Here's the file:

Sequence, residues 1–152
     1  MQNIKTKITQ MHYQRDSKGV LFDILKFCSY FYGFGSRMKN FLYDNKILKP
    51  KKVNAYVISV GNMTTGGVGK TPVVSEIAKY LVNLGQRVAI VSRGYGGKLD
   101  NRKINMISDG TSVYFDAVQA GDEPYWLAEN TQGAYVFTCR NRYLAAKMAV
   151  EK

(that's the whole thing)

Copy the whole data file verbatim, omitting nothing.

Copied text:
Sequence, residues 1–152
     1  MQNIKTKITQ MHYQRDSKGV LFDILKFCSY FYGFGSRMKN FLYDNKILKP
    51  KKVNAYVISV GNMTTGGVGK TPVVSEIAKY LVNLGQRVAI VSRGYGGKLD
   101  NRKINMISDG TSVYFDAVQA GDEPYWLAEN TQGAYVFTCR NRYLAAKMAV
   151  EK